What is the secret to the great teacher? What is it that defines the master educator? Mastery of the subject being taught is essential, as is a passion for the subject as well as for transferring knowledge or skill to students. Additionally, one would require some training or natural talent in order to employ the most effective methodologies available. Mastery, passion, training and talent; impressive, but something is missing.
I have known many teachers with all of the above qualifications (and, sad to say, some without) who still do not quite earn the reputation as a great teacher. While driven by their passion for teaching and possessing all the necessary talents, their students do not excel and levels of achievement do not soar. Why?
While searching for the answer, I came across the following rule, named ‘The Law of Great Expectations’, which states: Students will rise or fall to the level of communicated expectations. The secret to high achievement is high expectations. Low expectations yield low achievement.
We often sell our students short by not expecting the very best from them. While we must be careful to make sure our expectations are realistic, we should never be afraid of challenging students to excel. Teachers may feel that making students work hard, pushing them to maximize their potential will diminish their drive to learn. Quite the opposite is true. When we are less demanding, they think it must not be important. We communicate value by demanding excellence. If it’s important to do, it’s important to do well.
As of late the sports world has been captivated by the success of the Green Bay Packers, last year’s Super Bowl champion and currently the only undefeated football team. The secret to their success is an unrelenting drive towards excellence. I think their motto, ‘Chasing excellence, and catching greatness along the way’, says it all. The team has successfully communicated an expectation of high achievement, where anything less than 100% effort is simply unacceptable. It is therefore, no small wonder that perfection remains within their grasp.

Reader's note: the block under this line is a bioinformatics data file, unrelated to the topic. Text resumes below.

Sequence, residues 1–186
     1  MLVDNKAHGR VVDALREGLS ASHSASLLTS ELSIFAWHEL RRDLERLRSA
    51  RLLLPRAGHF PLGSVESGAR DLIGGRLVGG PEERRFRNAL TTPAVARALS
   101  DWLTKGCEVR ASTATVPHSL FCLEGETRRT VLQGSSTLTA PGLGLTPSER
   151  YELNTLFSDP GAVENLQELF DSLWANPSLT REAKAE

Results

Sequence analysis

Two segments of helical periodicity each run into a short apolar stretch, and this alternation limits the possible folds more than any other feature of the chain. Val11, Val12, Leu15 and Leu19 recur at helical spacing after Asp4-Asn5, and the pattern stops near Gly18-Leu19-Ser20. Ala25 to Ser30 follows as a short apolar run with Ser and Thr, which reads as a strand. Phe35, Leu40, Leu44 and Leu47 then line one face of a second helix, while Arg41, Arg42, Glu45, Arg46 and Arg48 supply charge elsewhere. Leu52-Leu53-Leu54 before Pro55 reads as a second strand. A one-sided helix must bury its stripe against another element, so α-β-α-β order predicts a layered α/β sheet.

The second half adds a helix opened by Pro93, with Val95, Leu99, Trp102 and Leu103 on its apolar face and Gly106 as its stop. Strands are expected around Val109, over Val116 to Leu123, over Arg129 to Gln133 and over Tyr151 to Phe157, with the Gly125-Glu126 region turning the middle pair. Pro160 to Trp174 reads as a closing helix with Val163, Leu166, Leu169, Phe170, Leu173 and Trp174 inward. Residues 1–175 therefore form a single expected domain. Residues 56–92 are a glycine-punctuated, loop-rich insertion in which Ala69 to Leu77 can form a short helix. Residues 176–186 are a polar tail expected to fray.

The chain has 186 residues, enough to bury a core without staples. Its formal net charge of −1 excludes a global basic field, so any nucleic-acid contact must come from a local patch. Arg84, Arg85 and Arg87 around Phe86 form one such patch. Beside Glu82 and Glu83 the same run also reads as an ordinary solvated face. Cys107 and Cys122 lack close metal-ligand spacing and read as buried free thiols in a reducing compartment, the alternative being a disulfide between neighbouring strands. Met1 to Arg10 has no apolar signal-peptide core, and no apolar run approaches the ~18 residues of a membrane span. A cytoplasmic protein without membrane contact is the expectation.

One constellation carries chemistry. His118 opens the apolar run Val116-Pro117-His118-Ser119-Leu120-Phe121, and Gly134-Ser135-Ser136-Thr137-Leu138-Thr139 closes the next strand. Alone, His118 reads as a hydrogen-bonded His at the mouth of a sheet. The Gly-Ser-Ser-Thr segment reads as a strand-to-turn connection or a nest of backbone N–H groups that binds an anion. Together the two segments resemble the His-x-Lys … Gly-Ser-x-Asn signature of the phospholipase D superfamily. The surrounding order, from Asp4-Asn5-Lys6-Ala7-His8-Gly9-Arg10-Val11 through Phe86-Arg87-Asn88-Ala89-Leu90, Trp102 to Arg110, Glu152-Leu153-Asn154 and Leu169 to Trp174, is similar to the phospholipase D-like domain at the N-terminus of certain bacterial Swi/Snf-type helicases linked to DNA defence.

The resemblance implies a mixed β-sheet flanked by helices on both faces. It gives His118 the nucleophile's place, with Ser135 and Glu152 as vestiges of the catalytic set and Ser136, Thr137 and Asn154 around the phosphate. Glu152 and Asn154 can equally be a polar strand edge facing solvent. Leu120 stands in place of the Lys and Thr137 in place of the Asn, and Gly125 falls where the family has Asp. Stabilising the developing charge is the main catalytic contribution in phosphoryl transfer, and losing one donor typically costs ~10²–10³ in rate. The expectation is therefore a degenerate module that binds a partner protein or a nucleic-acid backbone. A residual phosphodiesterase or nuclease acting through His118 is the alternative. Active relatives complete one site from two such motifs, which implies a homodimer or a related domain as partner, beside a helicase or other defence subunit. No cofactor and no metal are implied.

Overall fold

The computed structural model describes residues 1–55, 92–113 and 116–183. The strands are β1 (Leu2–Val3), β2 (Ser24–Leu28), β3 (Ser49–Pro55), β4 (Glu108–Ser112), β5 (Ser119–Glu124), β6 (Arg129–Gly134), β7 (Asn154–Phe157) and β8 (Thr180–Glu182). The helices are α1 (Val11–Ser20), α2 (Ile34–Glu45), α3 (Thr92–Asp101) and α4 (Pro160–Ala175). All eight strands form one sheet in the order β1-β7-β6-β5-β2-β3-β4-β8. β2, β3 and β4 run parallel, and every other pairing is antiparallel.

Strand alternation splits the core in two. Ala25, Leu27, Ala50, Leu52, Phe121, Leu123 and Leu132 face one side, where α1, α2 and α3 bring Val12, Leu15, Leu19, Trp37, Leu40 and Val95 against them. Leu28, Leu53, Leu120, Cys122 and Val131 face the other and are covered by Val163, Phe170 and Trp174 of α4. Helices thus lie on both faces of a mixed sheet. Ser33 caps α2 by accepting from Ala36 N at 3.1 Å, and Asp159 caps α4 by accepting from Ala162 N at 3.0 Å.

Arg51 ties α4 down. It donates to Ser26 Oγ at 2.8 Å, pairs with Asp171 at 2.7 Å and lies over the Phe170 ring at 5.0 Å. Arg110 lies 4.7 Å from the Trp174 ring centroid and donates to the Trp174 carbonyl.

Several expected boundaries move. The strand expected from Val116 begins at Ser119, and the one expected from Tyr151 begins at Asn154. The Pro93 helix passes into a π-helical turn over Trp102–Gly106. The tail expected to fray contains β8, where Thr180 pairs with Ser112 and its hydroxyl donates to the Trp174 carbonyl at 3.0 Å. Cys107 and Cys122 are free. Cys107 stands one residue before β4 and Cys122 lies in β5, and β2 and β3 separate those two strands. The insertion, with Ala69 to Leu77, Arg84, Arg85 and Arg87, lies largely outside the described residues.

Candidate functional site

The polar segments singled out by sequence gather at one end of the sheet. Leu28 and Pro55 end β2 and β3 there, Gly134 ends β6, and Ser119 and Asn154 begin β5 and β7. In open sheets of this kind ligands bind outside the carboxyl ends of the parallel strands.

A true story that perfectly illustrates the above: A new teacher is assigned to his first class. The principal does not have the heart (or the guts) to tell the teacher that he is the fifth teacher they have had that year. The other four quit, unable to deal with the various learning challenges the class presented. But to the principal’s surprise, the students begin to excel. The principal calls in the teacher and inquires as to the secret of his success. The teacher answers, “Well, with such brilliant students, how could I not succeed?” The principal is stunned. He asks the teacher, “Why do you think they’re so brilliant?” The teacher takes out the class list given to him at the beginning of the year with numbers ranging from 120-140 listed next to each student’s name. “With such I.Q. scores, I expected to succeed.” The principal laughed and exclaimed, “Those aren’t their I.Q. scores, those are their locker numbers!”
The business world has taught us that good is the greatest enemy of great. Educators seeking greatness must understand that it is to be achieved by expecting greatness. Anything less cheats both their students and themselves.